"The experience that people have is very personal and it's very real to them. So, for most people who've gone through these experiences, as far as they're concerned, what they've experienced is absolutely real. They've described and seen something of the other side. Now, for those of us who haven't had the experience, it's impossible to verify that, but in the same way that, for instance, if a patient comes to me and says, 'I have depression,' it would be completely unacceptable for me as a physician to simply discard that experience and say, 'Well, I don't think [so]. You may feel that you're depressed, but actually it's an illusion of having depression or you're hallucinating. Your depression, it's not really real.' So we have to remember that to the people who've had the experience, it's real to them."


'What we study is not people who are near death,' Parnia tells Fresh Air's Terry Gross. 'We study people who have objectively died. ... And therefore what we've understood is that the experience that these people have of going beyond the threshold of death, entering the period after death for the first few tens of minutes or hours of time, provides us with an indication of what we're all likely to experience when we go through death.'
"In his new book Erasing Death: The Science That Is Rewriting the Boundaries Between Life and Death, Parnia examines the experiences patients describe, but whereas much discussion around the experience of death has been philosophical or personal, Parnia is looking at the subject scientifically.
"'One of the big problems that we have,' Parnia says, 'is that because we've never had a science, we've never had an objective method to go beyond the threshold of death and study what happens both biologically and from a mental and cognitive perspective.'"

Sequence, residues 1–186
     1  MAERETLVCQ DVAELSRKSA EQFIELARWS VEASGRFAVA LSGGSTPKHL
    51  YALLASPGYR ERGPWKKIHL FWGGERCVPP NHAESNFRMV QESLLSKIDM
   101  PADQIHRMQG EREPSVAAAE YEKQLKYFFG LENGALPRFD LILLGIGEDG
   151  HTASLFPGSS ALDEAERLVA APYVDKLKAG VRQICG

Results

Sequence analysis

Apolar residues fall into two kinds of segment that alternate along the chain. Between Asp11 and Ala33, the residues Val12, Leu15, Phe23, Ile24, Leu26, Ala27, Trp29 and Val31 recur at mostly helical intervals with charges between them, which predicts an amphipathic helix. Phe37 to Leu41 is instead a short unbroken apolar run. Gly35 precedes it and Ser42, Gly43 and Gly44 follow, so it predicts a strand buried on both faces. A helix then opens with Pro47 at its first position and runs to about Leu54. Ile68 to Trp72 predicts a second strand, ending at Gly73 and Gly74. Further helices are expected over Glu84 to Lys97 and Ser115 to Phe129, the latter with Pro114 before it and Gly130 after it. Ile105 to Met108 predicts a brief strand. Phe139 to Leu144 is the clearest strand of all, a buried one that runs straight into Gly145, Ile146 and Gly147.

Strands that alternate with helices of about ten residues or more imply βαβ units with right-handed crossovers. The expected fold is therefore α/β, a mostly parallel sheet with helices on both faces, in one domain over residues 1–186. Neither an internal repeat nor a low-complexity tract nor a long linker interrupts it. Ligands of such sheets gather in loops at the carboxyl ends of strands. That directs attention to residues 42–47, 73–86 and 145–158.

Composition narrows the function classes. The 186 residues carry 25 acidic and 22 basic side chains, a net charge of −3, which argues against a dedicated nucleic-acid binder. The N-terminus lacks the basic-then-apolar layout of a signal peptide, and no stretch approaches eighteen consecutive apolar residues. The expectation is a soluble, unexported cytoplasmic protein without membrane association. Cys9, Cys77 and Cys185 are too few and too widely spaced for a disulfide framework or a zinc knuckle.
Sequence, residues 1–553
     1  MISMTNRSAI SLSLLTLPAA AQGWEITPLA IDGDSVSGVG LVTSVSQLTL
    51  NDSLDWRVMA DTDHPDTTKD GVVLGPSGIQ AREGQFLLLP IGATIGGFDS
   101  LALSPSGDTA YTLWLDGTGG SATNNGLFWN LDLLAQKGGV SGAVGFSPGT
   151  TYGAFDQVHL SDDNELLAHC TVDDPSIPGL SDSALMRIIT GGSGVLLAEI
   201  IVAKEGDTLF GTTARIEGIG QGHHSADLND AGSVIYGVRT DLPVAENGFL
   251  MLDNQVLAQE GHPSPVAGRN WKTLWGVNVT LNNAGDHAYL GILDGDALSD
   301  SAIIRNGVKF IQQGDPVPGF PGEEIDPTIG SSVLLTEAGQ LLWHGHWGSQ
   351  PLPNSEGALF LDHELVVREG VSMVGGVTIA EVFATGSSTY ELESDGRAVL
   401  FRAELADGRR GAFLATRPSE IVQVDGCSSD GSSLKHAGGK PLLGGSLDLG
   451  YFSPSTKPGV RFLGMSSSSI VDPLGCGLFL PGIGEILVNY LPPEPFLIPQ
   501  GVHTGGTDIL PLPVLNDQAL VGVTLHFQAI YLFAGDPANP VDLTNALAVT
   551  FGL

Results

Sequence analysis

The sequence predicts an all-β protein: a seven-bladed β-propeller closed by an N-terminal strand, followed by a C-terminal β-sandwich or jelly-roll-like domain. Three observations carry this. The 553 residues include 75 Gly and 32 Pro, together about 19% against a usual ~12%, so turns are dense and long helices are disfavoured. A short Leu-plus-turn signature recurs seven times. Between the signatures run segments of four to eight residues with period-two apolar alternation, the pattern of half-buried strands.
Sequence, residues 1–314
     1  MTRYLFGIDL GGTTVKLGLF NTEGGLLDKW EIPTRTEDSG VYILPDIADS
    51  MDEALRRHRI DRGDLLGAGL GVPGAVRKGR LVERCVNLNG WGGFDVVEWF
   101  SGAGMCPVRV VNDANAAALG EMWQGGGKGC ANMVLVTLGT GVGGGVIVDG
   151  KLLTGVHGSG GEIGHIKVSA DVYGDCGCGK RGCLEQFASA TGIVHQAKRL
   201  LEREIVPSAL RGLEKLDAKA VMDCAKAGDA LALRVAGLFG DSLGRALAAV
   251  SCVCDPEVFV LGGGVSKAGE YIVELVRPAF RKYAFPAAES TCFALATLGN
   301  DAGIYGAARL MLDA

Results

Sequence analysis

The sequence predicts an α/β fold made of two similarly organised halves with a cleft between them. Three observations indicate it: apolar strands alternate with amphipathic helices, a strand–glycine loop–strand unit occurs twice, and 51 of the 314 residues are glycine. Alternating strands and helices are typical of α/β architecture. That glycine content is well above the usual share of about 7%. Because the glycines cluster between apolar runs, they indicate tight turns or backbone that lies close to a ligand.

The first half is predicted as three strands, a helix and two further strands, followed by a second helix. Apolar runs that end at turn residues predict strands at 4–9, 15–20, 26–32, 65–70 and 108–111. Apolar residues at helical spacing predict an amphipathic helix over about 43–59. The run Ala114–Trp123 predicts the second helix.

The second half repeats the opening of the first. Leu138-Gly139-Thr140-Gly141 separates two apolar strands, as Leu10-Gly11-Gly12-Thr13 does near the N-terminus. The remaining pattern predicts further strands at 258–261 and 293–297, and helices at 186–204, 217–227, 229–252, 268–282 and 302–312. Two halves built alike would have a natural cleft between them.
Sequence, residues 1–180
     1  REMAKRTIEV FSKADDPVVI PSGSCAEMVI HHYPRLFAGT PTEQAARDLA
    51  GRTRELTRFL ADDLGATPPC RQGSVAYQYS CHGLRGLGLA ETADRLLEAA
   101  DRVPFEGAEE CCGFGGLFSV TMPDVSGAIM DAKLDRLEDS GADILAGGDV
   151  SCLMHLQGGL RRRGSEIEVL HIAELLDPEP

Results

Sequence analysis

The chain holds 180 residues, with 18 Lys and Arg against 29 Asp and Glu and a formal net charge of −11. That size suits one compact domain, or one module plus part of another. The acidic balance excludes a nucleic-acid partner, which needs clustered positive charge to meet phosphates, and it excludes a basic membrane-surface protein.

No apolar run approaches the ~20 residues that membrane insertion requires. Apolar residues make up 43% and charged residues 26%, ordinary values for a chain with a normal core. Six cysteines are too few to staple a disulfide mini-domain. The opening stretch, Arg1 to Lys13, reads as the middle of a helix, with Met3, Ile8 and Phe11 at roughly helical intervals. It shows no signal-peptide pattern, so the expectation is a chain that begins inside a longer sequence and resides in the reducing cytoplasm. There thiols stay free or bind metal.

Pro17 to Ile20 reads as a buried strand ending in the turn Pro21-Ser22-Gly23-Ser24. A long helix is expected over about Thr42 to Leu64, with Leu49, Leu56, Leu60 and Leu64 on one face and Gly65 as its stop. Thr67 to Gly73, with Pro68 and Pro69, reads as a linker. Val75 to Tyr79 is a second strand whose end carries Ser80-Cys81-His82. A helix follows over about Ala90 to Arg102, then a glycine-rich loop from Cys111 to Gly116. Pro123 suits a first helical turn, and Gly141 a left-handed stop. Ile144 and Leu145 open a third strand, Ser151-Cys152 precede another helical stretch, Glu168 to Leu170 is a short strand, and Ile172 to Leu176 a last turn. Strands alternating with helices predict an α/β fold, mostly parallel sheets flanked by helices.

4 comments:

  1. Great post. Thank you for elaborating on the theme of consciousness using the 2001 reference. A more recent movie example that comes to mind is the movie "Limitless" starring Bradley Cooper and Robert De Niro. In it, the black monolith is replaced by a mystery drug, one that makes you super-you, but only temporarily and as with all drugs, comes with dangerous side-effects. However, the effect of taking the drug is very similar to the post-kundalini state of awareness and greater cognitive abilities unlocked by the energy. When I saw this film, it reminded me of the first weeks following my episode and my sudden increase in artistic abilities and grasp of new concepts. A great film and a more personal take on enhanced human abilities compared to the more expansive, general view taken by by Kubrick's film.

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  2. I saw Limitless, liked it. Want to see it again. Just looked at Netflix; they have it on streaming so I added it, will watch it soon.

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  3. Motivational comments are delivered many times by different great personalities but I haven't seen anyone accepting them in their lives. People have the mentality that they do not accept good thing in their lives until they do not experience it by themselves. Maybe I'm not much familiar with the terms of kundalini, Nirvikalpa or other terms but I know that human society need a positive change to understand themselves and not to stay dependent on other person in their life.

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  4. This is definitely an amazing post. Much of these concepts explained here can also be found in the books and studies of Gnostics, such as one of the most recent gnostic masters Samael Aun Veor, whom wrote several books on raising the kundalini as well as many other topics on the process of, as he called it becoming a superhombre,meaning a superhuman or superman. Amazing post thanks.